10 Years in Web Hosting Part 4

I Ain’t No Techie!

Like so many of the staff here, I was a customer of 34SP.com looong before I joined the staff. I was working for a charity at the time (unlike most peeps here, I don’t have an IT background) and had been given the task of making our website more user friendly, and, if possible, enable it to take online donations. The site I’d inherited was hosted with plusnet at the time, written in Frontpage (oh for the days!) and site visitors needed a pair of sunglasses to view it it was that “loud”. Our host at the time was plusnet, and it didn’t seem to matter how I tried to get the site set up, I kept hitting limitations in the server setup that just wouldn’t let me do what I needed to. After asking a few questions in the plusnet forums, their own staff referred me to 34SP.com – always nice when the competition send customers your way! It was their opinion that 34SP.com provided exactly the flexibility and configurability in hosting I needed in order to get the site to do what I wanted. And they were entirely correct – I would never have been able to get pages set up that encrypted form mail before sending sensitive donation details where we had been hosting (the tutorials I passed onto 34SP.com about setting this up are still lurking in the Knowledge Base somewhere). I doubt I’d have been able to do it on any shared hosting server with any other provider to be perfectly honest. From my point of view as a customer at the time, the support was second to none and nothing was too much trouble for the guys (mainly Ian) I had been dealing with. When the opportunity came up to go for a role with the support team here, I really felt that the company had an ethos of friendly, professional and timely assistance that it would be one of the few in the private sector I’d be happy to work for.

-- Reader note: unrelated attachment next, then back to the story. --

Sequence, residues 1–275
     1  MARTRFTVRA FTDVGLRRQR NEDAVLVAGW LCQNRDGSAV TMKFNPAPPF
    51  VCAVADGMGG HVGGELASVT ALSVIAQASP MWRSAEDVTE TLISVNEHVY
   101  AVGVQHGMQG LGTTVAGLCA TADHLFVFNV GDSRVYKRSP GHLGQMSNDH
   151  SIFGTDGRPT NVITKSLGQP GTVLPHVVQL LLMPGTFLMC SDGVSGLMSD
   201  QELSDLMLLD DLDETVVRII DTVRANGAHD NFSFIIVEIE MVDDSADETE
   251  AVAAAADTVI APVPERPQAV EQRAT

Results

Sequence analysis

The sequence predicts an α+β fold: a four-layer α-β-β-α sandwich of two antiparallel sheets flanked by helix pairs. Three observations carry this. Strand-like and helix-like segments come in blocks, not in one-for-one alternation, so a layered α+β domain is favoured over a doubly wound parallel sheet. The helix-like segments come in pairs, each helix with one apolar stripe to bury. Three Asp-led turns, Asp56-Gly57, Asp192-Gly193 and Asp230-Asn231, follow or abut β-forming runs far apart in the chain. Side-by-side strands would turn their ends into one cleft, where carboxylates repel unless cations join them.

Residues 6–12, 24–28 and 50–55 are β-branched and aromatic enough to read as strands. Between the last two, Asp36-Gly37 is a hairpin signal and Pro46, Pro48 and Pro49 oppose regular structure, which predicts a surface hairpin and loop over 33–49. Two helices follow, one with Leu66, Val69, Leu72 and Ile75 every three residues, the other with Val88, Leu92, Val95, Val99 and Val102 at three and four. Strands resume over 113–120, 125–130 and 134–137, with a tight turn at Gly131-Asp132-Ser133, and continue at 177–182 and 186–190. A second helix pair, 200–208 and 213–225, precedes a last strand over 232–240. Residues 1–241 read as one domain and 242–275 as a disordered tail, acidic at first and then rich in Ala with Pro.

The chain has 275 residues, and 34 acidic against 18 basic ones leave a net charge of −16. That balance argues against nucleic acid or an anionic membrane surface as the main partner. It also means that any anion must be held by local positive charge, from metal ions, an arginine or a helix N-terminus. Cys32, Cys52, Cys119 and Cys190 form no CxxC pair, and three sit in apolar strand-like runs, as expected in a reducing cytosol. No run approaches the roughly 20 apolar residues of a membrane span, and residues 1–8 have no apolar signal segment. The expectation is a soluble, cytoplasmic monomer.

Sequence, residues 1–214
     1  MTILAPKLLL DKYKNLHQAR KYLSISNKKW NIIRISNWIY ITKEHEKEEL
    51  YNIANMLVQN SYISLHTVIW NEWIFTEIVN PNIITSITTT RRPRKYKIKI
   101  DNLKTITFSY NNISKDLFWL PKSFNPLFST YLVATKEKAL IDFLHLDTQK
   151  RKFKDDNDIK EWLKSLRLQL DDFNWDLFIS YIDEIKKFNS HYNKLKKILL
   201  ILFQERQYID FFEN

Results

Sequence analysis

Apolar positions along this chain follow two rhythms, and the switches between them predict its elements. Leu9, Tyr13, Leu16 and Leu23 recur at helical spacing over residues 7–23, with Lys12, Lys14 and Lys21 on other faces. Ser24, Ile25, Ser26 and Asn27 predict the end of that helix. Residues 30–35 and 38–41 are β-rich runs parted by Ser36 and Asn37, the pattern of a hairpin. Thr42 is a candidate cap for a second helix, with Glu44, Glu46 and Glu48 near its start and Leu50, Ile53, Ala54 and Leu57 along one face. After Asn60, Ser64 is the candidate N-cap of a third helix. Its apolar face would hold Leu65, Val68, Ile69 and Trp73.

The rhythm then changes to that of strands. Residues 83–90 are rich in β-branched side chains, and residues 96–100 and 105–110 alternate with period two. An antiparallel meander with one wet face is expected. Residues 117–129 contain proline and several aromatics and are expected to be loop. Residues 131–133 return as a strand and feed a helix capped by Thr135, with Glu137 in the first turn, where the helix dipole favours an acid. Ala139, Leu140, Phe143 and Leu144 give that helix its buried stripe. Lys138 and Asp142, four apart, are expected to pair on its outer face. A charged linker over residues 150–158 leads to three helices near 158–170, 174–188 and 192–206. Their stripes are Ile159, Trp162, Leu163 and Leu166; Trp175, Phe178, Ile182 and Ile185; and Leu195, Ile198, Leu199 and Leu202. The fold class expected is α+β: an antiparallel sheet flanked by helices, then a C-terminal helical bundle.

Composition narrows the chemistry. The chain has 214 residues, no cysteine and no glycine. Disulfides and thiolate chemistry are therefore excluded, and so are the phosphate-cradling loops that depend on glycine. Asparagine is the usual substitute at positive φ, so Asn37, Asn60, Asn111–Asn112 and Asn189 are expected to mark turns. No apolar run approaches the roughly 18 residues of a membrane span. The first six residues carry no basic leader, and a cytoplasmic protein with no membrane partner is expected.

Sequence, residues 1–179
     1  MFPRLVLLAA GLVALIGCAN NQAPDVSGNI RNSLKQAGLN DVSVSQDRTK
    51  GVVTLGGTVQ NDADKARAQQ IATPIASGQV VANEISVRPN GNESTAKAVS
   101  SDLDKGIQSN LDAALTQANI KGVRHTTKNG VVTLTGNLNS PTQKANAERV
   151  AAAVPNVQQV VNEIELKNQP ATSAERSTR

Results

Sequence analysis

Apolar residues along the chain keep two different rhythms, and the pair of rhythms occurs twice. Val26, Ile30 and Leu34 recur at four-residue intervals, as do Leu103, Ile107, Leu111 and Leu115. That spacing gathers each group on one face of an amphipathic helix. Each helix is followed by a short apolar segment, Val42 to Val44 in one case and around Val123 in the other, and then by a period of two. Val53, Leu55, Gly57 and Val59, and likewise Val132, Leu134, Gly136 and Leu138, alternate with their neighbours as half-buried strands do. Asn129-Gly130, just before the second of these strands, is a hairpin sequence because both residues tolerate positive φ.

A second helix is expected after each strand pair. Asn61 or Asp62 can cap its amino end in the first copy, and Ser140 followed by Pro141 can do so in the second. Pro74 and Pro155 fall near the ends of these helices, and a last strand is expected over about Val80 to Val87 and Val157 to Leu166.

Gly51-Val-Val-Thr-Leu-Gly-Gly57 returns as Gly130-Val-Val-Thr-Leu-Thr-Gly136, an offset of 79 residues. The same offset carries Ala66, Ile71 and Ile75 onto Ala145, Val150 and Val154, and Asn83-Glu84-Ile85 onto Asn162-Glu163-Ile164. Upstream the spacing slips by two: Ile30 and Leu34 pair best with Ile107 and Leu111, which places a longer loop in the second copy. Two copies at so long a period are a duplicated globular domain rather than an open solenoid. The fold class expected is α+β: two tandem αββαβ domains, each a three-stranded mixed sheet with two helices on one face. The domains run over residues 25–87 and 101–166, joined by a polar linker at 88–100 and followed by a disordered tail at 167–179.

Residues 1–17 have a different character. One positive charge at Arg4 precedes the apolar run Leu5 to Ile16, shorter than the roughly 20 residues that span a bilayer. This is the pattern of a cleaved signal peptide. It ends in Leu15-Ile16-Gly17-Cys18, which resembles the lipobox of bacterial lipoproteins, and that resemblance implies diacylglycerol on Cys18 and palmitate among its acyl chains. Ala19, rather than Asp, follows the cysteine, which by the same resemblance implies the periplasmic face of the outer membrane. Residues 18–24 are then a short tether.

Luckily for me, a keen attitude and willingness to help people was, and still is, more important than technical aptitude. You can teach someone the skills to do the job, but you’d have a hard job teaching the right attitude. This came in handy on my first week on the job, when a server went kaput. This was at a time when a dozen calls a day was the norm, so to be suddenly getting that many in an hour was very much a case of being thrown in at the deep end. Happily, our Sys Admin team had everything up and running again in short order. A busy start to my new career, but a sunny disposition had seen me through the “trial by fire”! There had, of course, been some challenging customers, understandably upset that their site was unavailable, but these were far outnumbered by clients who have since become more than just a voice on the end of the phone, they’ve become people you can really have a friendly chat with whenever they call or email (you know who you are!). I think we’ve managed to retain so many of our customers over the years because of this attitude, in that we’re as much about knowing our customers as much as we are about knowing their needs.

We’re also about having a good time whilst we do it 🙂 Admittedly it’s been at my insistence, but each year since I’ve been with 34SP.com, we’ve held a Eurovision party (keep May 14th 2011 clear guys!). Everybody dips into the lucky hat and pulls out the country that they will be supporting for the competition. The fun then begins when they have to then bring along a dish or dishes representative of their country. I’ve never seen such a disproportionate amount of satisfaction from a programmer in their ability to toast almonds for a Greek pudding. If that’s taught me anything, it’s that sometimes it’s the simple things in life that make the biggest impact.


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